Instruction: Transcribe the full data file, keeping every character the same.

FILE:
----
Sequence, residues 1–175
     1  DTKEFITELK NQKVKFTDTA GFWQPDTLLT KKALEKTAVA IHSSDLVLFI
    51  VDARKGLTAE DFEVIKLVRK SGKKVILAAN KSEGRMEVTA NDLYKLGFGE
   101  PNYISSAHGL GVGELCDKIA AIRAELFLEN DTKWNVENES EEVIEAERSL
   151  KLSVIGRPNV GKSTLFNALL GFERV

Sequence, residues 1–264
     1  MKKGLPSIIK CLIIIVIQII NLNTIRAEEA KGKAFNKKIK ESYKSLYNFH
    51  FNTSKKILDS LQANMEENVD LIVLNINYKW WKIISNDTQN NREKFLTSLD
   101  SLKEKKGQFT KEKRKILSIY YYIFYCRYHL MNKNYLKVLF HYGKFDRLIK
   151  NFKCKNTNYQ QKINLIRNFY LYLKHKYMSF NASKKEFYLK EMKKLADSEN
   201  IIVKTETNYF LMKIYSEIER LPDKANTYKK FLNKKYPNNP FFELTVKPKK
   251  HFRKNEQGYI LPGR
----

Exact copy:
Sequence, residues 1–175
     1  DTKEFITELK NQKVKFTDTA GFWQPDTLLT KKALEKTAVA IHSSDLVLFI
    51  VDARKGLTAE DFEVIKLVRK SGKKVILAAN KSEGRMEVTA NDLYKLGFGE
   101  PNYISSAHGL GVGELCDKIA AIRAELFLEN DTKWNVENES EEVIEAERSL
   151  KLSVIGRPNV GKSTLFNALL GFERV

Sequence, residues 1–264
     1  MKKGLPSIIK CLIIIVIQII NLNTIRAEEA KGKAFNKKIK ESYKSLYNFH
    51  FNTSKKILDS LQANMEENVD LIVLNINYKW WKIISNDTQN NREKFLTSLD
   101  SLKEKKGQFT KEKRKILSIY YYIFYCRYHL MNKNYLKVLF HYGKFDRLIK
   151  NFKCKNTNYQ QKINLIRNFY LYLKHKYMSF NASKKEFYLK EMKKLADSEN
   201  IIVKTETNYF LMKIYSEIER LPDKANTYKK FLNKKYPNNP FFELTVKPKK
   251  HFRKNEQGYI LPGR